The words "pun" and calembour refer to a rather ill-defined range of effects. For Pierre Guiraud the term calembour covers any kind of word play based on analogy whether between signifieds or signifiers (Guiraud 11-17). Derek Attridge restricts the pun to the plane of expression, defining it as the exploitation of homonymy (Attridge 140). Groupe Mu speak of "substitution quasi-homonymique" (Groupe Mu 62); and Marina Yaguello stresses that the linguistic phenomenon underlying the pun is not homonymy in general, but homophony, whether exact or approximate (paronymie) (Yaguello 175). For Yaguello, punning is exclusively oral, which is not to say that there are not puns in literature, but that the graphic similarity of two signifiers, on its own, may be the basis for a paragram but not a pun. I will observe this distinction, leaving paragrams aside, since the wordplay in the Cosmogonie is predominantly oral.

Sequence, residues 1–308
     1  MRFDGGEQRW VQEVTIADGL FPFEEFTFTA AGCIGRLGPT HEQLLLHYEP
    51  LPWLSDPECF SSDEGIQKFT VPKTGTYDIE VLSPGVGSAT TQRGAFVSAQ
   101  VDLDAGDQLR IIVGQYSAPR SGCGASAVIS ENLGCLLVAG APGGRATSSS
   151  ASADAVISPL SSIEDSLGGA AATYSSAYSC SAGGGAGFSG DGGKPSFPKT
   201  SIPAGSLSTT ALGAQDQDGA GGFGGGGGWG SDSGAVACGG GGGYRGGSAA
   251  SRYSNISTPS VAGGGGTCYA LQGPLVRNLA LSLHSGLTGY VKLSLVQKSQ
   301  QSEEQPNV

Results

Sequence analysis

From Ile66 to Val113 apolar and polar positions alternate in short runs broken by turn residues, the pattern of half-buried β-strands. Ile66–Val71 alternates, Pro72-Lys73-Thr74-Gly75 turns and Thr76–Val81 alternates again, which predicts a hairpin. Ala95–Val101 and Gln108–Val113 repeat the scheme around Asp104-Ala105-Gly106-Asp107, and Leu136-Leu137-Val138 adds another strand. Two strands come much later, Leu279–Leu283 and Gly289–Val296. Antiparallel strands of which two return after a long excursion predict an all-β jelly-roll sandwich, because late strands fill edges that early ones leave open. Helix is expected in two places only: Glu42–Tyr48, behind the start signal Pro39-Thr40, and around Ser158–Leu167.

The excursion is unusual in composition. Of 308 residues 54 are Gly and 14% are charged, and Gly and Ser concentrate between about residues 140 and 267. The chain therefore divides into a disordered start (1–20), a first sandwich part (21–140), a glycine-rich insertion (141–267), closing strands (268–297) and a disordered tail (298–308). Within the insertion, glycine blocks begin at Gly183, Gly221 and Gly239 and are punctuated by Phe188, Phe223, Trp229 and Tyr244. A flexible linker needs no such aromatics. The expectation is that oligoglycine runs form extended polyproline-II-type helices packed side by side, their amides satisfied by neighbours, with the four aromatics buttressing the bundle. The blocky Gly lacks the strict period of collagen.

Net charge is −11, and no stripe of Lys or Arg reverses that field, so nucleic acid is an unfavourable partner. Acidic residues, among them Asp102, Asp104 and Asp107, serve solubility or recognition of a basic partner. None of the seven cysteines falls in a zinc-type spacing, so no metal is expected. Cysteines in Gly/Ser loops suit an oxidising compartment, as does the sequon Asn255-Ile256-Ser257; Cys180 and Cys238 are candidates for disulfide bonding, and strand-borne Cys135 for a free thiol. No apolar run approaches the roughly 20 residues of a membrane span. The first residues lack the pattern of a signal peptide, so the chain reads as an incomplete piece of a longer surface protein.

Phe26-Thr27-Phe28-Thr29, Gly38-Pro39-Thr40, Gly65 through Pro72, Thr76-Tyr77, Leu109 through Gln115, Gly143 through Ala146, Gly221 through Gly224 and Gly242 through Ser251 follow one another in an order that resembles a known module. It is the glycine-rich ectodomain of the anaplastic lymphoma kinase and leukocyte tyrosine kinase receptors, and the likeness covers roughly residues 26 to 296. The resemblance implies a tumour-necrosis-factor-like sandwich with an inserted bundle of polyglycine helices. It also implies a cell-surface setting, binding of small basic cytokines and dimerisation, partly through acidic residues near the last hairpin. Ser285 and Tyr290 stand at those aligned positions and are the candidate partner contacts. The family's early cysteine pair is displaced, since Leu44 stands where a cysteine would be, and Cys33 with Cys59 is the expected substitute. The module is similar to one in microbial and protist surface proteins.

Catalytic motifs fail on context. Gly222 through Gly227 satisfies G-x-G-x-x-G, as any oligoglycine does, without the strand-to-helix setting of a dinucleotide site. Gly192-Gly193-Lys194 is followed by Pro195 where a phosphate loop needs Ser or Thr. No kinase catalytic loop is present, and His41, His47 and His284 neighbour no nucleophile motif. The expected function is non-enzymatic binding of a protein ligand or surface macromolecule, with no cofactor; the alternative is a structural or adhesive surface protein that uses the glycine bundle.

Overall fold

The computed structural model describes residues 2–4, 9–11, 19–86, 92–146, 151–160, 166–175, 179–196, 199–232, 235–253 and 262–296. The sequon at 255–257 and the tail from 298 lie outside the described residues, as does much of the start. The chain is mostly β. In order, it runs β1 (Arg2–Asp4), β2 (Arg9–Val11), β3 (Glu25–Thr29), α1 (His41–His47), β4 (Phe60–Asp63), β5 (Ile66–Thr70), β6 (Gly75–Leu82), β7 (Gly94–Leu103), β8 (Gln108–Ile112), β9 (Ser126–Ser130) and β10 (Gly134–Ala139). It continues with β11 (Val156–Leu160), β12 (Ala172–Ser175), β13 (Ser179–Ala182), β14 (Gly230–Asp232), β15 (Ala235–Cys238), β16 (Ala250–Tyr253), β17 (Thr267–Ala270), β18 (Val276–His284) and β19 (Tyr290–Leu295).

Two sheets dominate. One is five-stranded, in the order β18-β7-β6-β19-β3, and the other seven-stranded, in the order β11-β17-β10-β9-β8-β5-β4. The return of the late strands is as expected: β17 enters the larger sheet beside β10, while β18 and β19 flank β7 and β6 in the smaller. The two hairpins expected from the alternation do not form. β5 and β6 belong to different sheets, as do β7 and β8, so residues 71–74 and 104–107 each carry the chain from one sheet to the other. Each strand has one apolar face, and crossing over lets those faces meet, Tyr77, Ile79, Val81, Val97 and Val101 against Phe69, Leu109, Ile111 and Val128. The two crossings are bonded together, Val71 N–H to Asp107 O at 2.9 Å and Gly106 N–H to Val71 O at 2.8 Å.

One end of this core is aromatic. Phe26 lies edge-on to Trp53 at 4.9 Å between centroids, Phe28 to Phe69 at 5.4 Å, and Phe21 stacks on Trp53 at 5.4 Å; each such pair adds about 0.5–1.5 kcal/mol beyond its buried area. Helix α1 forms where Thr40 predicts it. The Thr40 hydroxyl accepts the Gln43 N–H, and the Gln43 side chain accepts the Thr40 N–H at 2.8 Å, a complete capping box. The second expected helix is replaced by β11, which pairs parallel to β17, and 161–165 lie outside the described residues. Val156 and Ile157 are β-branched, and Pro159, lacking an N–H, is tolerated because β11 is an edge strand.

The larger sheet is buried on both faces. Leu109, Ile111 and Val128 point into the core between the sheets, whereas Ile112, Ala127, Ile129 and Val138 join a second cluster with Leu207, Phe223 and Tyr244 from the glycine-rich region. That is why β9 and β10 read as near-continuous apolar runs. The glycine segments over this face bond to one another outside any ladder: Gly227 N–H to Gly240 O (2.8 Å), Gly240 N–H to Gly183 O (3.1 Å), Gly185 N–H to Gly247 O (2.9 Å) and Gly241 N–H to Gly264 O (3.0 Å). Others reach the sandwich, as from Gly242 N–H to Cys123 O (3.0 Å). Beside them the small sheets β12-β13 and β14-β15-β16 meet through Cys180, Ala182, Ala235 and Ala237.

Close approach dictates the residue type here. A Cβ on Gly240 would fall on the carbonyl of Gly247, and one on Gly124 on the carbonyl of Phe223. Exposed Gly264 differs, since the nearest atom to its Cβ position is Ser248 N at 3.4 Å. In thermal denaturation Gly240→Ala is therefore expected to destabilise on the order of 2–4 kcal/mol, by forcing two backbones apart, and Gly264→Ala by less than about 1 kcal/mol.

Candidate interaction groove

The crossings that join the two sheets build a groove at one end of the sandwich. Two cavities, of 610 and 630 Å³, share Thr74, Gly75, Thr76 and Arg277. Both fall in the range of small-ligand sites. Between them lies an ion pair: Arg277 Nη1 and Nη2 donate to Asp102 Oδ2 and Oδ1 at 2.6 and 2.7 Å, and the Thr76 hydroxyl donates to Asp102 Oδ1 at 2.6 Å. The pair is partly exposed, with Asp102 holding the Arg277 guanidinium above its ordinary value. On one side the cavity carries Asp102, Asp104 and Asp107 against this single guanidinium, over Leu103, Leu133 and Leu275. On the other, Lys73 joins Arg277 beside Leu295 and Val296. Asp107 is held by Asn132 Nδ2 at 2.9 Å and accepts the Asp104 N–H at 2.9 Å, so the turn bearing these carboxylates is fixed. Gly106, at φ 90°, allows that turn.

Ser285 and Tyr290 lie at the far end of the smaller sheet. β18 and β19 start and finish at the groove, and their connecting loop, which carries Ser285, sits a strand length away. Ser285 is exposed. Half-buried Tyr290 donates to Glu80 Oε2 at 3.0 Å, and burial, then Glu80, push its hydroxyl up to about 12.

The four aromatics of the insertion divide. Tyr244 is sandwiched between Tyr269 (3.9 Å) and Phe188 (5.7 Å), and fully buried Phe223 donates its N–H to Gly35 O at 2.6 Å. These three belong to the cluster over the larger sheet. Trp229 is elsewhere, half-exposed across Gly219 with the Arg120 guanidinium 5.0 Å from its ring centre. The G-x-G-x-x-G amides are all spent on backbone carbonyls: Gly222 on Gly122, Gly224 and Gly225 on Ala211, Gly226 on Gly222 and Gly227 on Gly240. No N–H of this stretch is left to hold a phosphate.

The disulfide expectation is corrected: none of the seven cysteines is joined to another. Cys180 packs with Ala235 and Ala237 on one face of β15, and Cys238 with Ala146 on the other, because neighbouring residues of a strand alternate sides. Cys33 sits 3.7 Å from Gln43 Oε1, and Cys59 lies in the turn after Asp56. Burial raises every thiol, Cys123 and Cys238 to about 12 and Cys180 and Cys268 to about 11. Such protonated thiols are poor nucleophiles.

The pun is not always a substitution; sometimes the two terms linked by a similarity of sound are both present in the syntagm. Thus we can divide puns into two classes using the in praesentia/in absentia distinction. Pierre Guiraud has coined the useful words lude and ludant to distinguish the terms: the ludant (or playful variant) is always present, while the lude (the segment being played upon) may be absent (Guiraud 11-17). When both are present, the lude generally comes first and is more pertinent to the context. There are some cases, however, in which it is impossible to tell which term is being played upon. For example, in the lines: "larousse ingurgite tout champignon qui seme / s'aime en seche onanie et spore aux horizons" (II, 48-49), s'aime and seme could change places without any violence to the sense. This pun is perfectly reversible.